Hammad Akbar, a Pakistani national and CEO of Invocode, marketers of Stealthgenie, was arrested in LA on Saturday and charged with a variety of offenses related to making, marketing and selling "interception devices."

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Reasons (not) to trust Apple's privacy promises

Apple's new Ios privacy policy makes some bold promises about their technology's wiretap-resistance, saying that even if Apple wanted to snoop on your messages, they couldn't, but as EFF co-founder John Gilmore points out, Apple's asking you to take an awful lot on faith here.

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Privacy for Normal People


My latest Guardian column, Privacy technology everyone can use would make us all more secure, makes the case for privacy technology as something that anyone can -- and should use, discussing the work being done by the charitable Simply Secure foundation that launches today (site is not yet up as of this writing), with the mandate to create usable interfaces to cryptographic tools, and to teach crypto developers how to make their tools accessible to non-technical people.

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Comcast blocks Tor (updated)

"Users who try to use anonymity, or cover themselves up on the internet, are usually doing things that aren’t so-to-speak legal; we have the right to terminate, fine, or suspend your account at anytime due to you violating the rules -- Do you have any other questions? Thank you for contacting Comcast."

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Feds wanted to fine Yahoo $250K/day for fighting PRISM


We've known since the start that Yahoo fought the NSA's Prism surveillance program tooth-and-nail; but as unsealed court docs show, the Feds made the process into a harrowing ordeal, and sweet-talked gullible judges into dropping the hammer on Y.

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W3C hosting a "Web We Want Magna Carta" drafting session at Internet Governance Forum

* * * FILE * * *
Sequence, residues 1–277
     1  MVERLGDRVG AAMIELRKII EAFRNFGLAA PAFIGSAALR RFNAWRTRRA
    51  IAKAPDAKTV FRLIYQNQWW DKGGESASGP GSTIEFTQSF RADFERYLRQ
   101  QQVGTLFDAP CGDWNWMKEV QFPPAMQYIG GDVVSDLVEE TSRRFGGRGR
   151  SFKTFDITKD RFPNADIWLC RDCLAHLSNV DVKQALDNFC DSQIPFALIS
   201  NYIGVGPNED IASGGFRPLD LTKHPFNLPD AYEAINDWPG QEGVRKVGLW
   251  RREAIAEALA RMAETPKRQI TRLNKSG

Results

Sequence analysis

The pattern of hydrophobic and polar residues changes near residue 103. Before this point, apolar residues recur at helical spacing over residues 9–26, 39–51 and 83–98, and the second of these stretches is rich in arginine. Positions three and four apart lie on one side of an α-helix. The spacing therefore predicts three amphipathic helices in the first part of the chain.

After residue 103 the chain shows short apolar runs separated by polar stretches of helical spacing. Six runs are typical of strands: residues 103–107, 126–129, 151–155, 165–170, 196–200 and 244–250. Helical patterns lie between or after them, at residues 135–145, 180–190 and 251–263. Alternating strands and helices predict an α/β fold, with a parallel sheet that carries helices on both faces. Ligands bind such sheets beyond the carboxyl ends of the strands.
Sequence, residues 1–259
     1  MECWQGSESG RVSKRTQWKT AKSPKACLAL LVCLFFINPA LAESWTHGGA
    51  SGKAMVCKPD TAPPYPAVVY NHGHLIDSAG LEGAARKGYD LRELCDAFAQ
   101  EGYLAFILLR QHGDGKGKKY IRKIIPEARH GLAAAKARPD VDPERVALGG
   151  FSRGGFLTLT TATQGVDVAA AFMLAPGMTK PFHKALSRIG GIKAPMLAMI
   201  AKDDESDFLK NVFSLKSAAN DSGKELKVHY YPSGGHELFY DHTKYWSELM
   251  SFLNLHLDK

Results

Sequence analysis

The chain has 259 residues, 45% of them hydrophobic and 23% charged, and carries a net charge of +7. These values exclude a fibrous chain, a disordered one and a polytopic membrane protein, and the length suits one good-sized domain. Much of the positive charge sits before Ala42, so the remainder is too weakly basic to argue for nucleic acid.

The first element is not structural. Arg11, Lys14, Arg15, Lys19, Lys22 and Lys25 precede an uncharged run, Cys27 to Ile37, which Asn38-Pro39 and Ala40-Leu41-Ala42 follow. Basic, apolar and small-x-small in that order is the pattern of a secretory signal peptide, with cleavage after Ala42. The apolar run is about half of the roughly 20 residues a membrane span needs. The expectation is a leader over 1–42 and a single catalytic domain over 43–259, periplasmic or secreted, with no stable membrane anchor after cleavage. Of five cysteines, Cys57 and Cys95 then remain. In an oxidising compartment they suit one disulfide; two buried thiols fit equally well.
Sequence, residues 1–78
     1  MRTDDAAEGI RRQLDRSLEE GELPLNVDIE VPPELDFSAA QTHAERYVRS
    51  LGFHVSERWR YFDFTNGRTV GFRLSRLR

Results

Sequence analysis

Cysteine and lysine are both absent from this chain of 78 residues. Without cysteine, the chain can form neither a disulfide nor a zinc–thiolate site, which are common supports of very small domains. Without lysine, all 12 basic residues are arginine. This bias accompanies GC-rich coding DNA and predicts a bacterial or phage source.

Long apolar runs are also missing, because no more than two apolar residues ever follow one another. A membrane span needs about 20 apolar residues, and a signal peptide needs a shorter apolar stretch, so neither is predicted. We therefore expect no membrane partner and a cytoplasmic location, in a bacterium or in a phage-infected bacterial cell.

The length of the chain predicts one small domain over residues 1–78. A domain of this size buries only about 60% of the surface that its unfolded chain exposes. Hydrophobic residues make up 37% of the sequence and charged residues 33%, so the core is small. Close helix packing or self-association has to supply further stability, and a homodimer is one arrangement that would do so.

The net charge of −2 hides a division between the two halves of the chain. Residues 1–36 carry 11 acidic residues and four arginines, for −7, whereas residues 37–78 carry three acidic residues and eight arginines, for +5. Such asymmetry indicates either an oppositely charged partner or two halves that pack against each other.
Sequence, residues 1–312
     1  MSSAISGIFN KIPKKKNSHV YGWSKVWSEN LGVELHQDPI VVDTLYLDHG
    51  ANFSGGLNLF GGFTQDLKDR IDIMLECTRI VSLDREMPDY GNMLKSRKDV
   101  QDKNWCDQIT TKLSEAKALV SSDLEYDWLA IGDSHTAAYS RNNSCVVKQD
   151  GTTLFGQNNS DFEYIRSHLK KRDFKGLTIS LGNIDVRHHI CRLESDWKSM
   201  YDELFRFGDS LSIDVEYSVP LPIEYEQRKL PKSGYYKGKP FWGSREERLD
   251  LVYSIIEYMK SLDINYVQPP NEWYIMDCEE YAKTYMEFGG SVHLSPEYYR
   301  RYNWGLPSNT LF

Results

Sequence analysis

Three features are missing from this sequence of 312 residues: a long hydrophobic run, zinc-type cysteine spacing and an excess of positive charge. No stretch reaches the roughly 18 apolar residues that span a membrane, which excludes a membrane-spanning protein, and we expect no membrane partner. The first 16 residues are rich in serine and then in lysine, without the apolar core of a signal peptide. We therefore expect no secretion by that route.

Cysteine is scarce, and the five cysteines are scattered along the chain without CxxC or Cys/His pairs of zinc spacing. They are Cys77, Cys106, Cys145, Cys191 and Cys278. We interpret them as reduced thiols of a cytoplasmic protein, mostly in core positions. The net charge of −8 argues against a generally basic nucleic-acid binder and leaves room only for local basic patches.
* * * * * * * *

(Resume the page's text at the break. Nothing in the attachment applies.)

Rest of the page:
The Web I want doesn't have DRM in its standards, because the Web I want doesn't believe it's legitimate to design computers so that strangers over a network can give your computer orders that you aren't allowed to know about or override.

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Free cybersecurity MOOC


The Open University's "Introduction to Cyber Security" is a free online course -- with optional certificate -- that teaches the fundamentals of crypto, information security, and privacy; I host the series, which starts on Oct 13."

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Dragoncon cosplayers team up with EFF to fight for anonymity


It's called "Project Secret Identity," and it's a joint effort with Southeastern Browncoats, ; the Harry Potter Alliance, the Baker Street Babes, Wattpad, , Organization for Transformative Works, and IO9.

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Honorable spies anonymously leak NSA/GHCQ-discovered flaws in Tor

Andrew Lewman, head of operations for The Onion Router (TOR), an anonymity and privacy tool that is particularly loathed by the spy agencies' capos, credits Tor's anonymous bug-reporting system for giving spies a safe way to report bugs in Tor that would otherwise be weaponized to attack Tor's users.

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EFF guide to cell phone use for US protesters

It's a timely update to their 2011 edition, incorporating new Supreme Court precedents that give additional protection to protesters who face arrest while video-recording or otherwise documenting protests -- required reading in a world of #Ferguson.

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EU wants Google to extend "right to be forgotten" to global users


Right now, Google blocks "forgotten" articles on EU versions of its site.

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White House caught secretly tracking Web visitors with sneaky spyware


They proudly say that they comply with federal privacy law, eschewing cookies, but sneakily use Addthis's "canvas fingerprinting," a product whose other major user is Youporn (but they stopped after they were outed, and the White House didn't).

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EFF unveils secure, sharing-friendly, privacy-minded router OS

As promised, the Open Wireless Movement's new sharing-friendly, privacy-minded router operating system was unveiled at HOPE X in New York last weekend.

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Snowden: Dropbox is an NSA surveillance target, use Spideroak instead


A remarkable moment from last night's remarkable Snowden video from the Guardian.

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Indexing pages that Google must hide from Europeans


The controversial "right to be forgotten" European court ruling has Google removing embarrassing (and worse) search results from search-results served in the EU.

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Microsoft says it won't use contents of emails to target ads

Alan sez, "Microsoft is pushing out an update to its privacy policies."